All posts by Tanya Rose

Tanya Rose is the Strategic and Innovation Lead for the Learning Innovation Hub. Her experience in education ranges across the spectrum from high school and university instructor to higher education researcher to curriculum and policy developer. Working in the spectrum of organizations and institutions in both the private and public sectors has only fanned her curiosity about and enthusiasm for pursuing new and evolving approaches to effective, meaningful, and inspiring teaching and approaches to learning.

Partnering with (the power of) students

The power of students is unmistakeable. Apart from the sheer number present at universities, they make their voices heard through activism on campus, participation on university committees, and their very presence. It is a power that is often acknowledge in university communities but also, just as often, underutilized. Continue reading Partnering with (the power of) students

Sustainability in teaching – it’s not just about the environment

As one of Macquarie University’s core values, sustainability encourages staff and students alike to be mindful and intentional in their learning, considering the implications of both action and thought, and focusing on their role in moving towards a sustainable future. But what does sustainability actually mean, and what does it look like for our students?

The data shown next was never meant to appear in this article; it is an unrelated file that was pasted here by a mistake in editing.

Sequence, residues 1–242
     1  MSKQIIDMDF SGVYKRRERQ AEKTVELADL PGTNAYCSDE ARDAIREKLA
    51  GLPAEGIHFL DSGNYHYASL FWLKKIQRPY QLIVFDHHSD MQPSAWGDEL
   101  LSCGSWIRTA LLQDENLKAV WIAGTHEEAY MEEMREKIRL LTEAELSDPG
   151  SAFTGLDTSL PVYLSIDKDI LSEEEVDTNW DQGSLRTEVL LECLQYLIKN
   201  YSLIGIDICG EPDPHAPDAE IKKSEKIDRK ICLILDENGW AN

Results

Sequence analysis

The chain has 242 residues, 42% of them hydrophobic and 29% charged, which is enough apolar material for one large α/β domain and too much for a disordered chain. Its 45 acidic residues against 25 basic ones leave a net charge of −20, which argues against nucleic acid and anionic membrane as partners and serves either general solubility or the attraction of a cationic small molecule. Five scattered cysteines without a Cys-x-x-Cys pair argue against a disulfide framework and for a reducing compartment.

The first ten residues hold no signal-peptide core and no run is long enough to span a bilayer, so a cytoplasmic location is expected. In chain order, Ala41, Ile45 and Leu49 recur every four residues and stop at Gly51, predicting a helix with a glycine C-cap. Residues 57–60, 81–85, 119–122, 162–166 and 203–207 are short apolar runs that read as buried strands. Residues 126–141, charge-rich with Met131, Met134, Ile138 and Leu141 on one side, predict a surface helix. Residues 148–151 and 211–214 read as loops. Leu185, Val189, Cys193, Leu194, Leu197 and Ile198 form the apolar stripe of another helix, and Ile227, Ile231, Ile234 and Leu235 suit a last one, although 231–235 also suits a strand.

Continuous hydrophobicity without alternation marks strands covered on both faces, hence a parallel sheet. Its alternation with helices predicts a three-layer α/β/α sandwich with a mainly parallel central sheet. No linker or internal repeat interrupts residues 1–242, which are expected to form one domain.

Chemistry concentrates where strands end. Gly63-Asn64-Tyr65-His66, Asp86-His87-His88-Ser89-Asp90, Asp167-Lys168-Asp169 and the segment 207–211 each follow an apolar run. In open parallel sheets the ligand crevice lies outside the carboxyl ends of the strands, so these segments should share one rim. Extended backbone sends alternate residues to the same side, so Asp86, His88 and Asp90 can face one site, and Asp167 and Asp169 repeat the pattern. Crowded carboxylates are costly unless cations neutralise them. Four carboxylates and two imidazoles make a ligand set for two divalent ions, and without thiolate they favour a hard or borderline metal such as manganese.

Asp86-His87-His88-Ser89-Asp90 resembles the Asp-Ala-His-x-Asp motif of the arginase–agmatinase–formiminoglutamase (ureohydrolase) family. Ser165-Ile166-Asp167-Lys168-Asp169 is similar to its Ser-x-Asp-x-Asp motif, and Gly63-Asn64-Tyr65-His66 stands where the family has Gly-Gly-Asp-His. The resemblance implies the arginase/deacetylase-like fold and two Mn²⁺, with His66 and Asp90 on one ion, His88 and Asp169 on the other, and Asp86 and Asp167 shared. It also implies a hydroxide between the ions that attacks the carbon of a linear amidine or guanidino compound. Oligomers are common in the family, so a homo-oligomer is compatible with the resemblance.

Continue reading Sustainability in teaching – it’s not just about the environment

Professional Development and Communities of Practice

Recently, I participated in the Advanced Professional Development Program for International Academic Staff (APDP) currently happening on campus. With this program, the Learning and Teaching Centre (the program’s host and developer) has reached beyond campus walls, inviting academics from China to observe and explore the workings of the University through attending workshops and presentations (many developed and delivered by LTC staff) and visiting lectures and tutorials on campus.

Continue reading Professional Development and Communities of Practice